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International Student finds human burial: “No regrets about staying in the Netherlands this summer”

During the Faculty of Archaeology’s 2018 Field School excavation, in Leiden, two Early Medieval burials were encountered, as well as some house plans. One of the burials was found by Beatriz, an international student from Mexico. “When I found the pelvis bone it was clear that I had found a human skeleton.”

Beatriz as an OWL guide.

A really good decision

Beatriz was studying Physics in Paris, when she visited a friend who was studying Archaeology in Leiden. The Faculty would start with the English-language Bachelor’s in Archaeology that year and Beatriz was hooked. “Just this one weekend changed my mind.” She had been having second thoughts about Physics for a while, and had been playing with the idea of studying Archaeology. Her experiences in Leiden gave her the final push.

It was not something she had expected. “If they had told me years ago that I would be living in the Netherlands, I would have been like ‘in the what?’.” She did not want to go back to Mexico just yet, nor study Archaeology in France, where you usually start with Art History. Going for Archaeology in Leiden proved to be “a really good decision.”

Supervising the Field School

Beatriz is a third-year student and was one of the supervisors of the 2018 Field School, located close to the Faculty on the fields near the Plesmanlaan. When reporting about the discovery of the burials, her seniority was a detail that the news outlets did not pick up on. “It was very funny, because in all the articles about the finding they said it was a first-year student who encountered it.”

The Field School proved to be a great experience for Beatriz. She was pleasantly surprised at the number of finds made! “I have no regrets about staying in the Netherlands this summer.” She excavated for three weeks at the Field School, and then worked in Vlaardingen for a week, constructing an Early Medieval house with the Experimental Archaeology team. “I was reconstructing a medieval house there, and then I found a plan of one in Leiden!”

The worst possible moment

Back at the Plesmanlaan, a burial had been found earlier, and Field School Director, Jasper de Bruin, pointed out another ground feature close to it. Beatriz was a solid choice for this task, having excavated burials before on an excavation on Cyprus. “So I was digging the section while hardly seeing the feature. Then in the end I saw a coloration at the end of the section. There I found bones. When I found the pelvis bone it was clear that it was a human skeleton.”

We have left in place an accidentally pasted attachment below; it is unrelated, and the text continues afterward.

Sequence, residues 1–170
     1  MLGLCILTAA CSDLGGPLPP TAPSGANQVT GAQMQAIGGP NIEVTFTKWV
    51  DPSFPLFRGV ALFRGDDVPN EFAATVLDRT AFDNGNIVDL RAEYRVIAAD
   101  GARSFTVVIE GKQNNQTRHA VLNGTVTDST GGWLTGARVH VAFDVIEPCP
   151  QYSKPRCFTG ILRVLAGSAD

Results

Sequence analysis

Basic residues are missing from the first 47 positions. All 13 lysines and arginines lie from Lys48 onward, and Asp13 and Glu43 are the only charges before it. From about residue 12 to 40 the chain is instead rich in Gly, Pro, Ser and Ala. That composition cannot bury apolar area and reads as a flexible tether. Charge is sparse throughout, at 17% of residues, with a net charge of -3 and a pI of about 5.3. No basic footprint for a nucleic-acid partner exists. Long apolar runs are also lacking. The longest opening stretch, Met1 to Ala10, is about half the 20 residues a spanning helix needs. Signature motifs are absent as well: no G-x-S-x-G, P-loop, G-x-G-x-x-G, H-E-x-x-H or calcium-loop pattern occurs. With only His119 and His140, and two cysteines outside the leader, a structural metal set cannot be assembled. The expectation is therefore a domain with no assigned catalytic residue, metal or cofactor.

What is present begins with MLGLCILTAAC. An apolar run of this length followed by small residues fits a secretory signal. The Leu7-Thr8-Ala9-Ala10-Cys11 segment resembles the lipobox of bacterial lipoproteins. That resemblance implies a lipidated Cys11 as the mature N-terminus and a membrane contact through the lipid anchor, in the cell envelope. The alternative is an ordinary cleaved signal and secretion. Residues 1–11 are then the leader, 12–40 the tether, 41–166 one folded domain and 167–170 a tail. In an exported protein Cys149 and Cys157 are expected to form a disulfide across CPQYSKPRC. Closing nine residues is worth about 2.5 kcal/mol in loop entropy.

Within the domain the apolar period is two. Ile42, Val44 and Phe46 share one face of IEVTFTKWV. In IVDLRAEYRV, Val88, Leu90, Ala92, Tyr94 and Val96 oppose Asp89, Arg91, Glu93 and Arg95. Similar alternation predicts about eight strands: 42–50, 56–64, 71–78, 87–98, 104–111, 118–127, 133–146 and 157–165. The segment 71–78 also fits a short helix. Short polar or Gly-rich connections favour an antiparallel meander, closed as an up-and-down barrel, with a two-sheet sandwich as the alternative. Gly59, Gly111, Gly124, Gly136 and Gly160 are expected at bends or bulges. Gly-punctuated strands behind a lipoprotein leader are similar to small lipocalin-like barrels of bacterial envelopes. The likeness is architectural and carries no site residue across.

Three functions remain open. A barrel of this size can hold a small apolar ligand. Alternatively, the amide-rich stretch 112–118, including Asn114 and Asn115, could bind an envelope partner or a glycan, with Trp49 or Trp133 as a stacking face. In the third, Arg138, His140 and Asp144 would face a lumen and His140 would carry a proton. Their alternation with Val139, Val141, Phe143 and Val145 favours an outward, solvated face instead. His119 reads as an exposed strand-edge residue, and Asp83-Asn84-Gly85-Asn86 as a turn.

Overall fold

The supervisors came over and confirmed that it was a burial. “But you will have to clean up your tools now because it’s Friday afternoon, and we are finishing up for the week.” It was the worst possible moment to find something like this.

A surreal feeling

After a weekend that lasted an eternity, Beatriz was back at the excavation on Monday. “They decided to lift the entire burial to study the remains more closely. It felt surreal. Really cool.” The complete burial was brought to a research institute in Limburg.

"I don’t want to specialise in a specific region, I want to be able to apply my skills everywhere."

Plans for the future

In her Bachelor’s Beatriz is focusing on Human Osteoarchaeology, and the Archaeology of the Near East. “Last year I worked on an excavation on Cyprus and I would like to further analyse those finds.” She wants to do a Master’s in Archaeology, but is not sure which specialisation to choose. “The new programme in Applied Archaeology sounds interesting. I don’t want to specialise in a specific region, I want to be able to apply my skills everywhere.”

And that is exactly what she did, applying her skills on Human Osteoarchaeology both in Cyprus and on the Plesmanlaan in Leiden.

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